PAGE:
Benefits of sleeping on an innerspring mattress

There are a lot of reasons why you'd want to choose an innerspring mattress over another type of bed. Here are some of the biggest benefits of sleeping on an innerspring mattress: 

  • Innerspring mattresses are familiar. When you're making a purchase as important as the mattress you'll sleep on every night, sometimes sticking with what you know can give you peace of mind. Even if you opt for a newfangled hybrid, you can expect that "classic" innerspring mattress feel, with a bounce that cradles your weight but never lets you sink in too deeply.
  • Innerspring mattresses sleep cool. If you tend to "sleep hot," an innerspring mattress is your best bet, as the space between coils allows plenty of air to circulate.
  • Innerspring mattresses support a range of sleep styles. Whether you're a side sleeper, back sleeper, or stomach sleeper, you can sleep comfortably on an innerspring mattress. And if you tend to shift positions during the night, the inherent "springiness" makes it easy to move across the surface of the mattress. (It also makes it easier to get out of bed, but we're not sure that's a good thing.)
  • Innerspring mattresses are good for sex. The website sleeplikethedead.com rates innerspring and hybrids as two of the best types of mattresses to get busy on, owing to the ease of movement noted above, and the natural bounce and responsiveness.
  • Innerspring mattresses are cost-effective. In general, high-quality innerspring mattresses cost less than high-quality memory foam and latex beds. A high-quality innerspring mattress starts at about a thousand dollars. (Learn more about how much to pay for a quality mattress.)
  • Innerspring mattresses are durable. Innerspring mattresses offer great bang for your buck. A well-made innerspring mattress can last from 10 to 15 years.

Drawbacks of sleeping on an innerspring mattress

There are pros and cons to every type of mattress. An innerspring mattress may not be right for you if: 

  • You're easily disturbed: If you have a sleep partner, any innerspring mattress that doesn't contain pocketed coils is going to have substandard motion isolation characteristics. What that means: If one of you gets up to use the bathroom in the middle of the night, your partner is going to feel your movements.
  • You have joint pain: For those with back pain or joint issues, you may find that other mattress types, like memory foam, provide you with more cushioning. An innerspring mattress probably won't have the conforming capabilities to cradle those pressure points.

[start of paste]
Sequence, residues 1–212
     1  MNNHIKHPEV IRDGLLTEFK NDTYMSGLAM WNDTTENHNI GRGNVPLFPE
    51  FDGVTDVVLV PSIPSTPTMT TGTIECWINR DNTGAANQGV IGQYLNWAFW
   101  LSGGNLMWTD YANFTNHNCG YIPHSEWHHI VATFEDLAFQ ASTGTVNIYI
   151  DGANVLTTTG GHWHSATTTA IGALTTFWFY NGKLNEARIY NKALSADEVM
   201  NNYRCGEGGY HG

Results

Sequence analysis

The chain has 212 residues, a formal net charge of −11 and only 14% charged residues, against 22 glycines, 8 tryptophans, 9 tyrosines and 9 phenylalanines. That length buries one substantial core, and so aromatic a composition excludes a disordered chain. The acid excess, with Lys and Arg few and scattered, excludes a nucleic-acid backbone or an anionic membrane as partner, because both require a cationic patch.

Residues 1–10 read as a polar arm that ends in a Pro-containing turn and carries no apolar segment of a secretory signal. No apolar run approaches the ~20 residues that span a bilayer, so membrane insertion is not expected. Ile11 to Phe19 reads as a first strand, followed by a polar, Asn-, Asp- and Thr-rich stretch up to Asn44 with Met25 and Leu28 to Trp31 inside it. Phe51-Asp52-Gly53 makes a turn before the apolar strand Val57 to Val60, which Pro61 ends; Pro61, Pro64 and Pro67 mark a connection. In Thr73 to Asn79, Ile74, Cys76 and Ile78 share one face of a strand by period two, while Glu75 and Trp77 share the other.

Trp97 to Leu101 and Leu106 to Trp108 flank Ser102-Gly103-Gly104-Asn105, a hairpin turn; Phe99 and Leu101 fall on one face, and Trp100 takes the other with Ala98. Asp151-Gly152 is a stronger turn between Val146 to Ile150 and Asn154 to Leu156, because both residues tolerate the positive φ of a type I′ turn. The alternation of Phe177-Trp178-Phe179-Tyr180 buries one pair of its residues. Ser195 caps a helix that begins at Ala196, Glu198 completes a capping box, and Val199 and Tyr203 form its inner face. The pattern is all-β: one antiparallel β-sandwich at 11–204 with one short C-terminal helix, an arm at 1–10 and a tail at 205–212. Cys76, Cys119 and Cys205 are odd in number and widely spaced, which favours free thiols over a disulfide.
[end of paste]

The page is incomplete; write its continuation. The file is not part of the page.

What else to consider when looking for an innerspring mattress

There are a few things you should consider before buying an innerspring mattress. To determine which one is best for you, you'll want to take a look at the comfort layers, coil counts, coil gauges, lumbar support, and edge support of the mattresses on the market. 

Comfort layers 

There's a lot more to an innerspring mattress than just the springs. In fact, what goes on top of the coils—typically some combination of foam, padding, and sometimes even more coils—is just as important when it comes to how comfortably you'll sleep.

Depending on the number and type of layers, the mattress may be considered a "hybrid," which signals that it contains a coil support system along with another material, typically memory foam. When evaluating innerspring mattresses, these are the layers you're most likely to encounter: 

  • Comfort layer: The top layer of the mattress, intended to provide cushioning and pressure relief, the comfort layer is usually made from memory foam, latex, or another type of foam.
  • Cooling materials: Because foams tend to trap body heat, some mattresses incorporate cooling technology (such as cooling gel or graphite) in the foam comfort layer.
  • Comfort coils: Some innerspring mattresses (including the Saatva Classic) use "coil-on-coil" technology, which adds a second set of individually pocketed coils on top of the steel coil base. The thicker bottom coils provide a durable and stable support core, while the thinner top coils provide contouring for comfort and cut down on motion transfer.
  • Pillow top: Yet another layer of cushioning on the top surface of the mattress. There are two types of pillow tops: Euro-style and standard. A conventional pillow top is sewn onto the top surface of the mattress, with a gap between the pillow top and the mattress itself. The padding of a Euro pillow top is inserted underneath the top cover of the mattress, flush with the mattress edges. In addition to giving the mattress a cleaner look, Euro tops won't shift or lose shape the way a regular pillow top can.
  • Cover: All of these layers and components come wrapped in an outer cover. For maximum sleep comfort, a mattress cover should be made of a material that is soft, breathable, and moisture-wicking.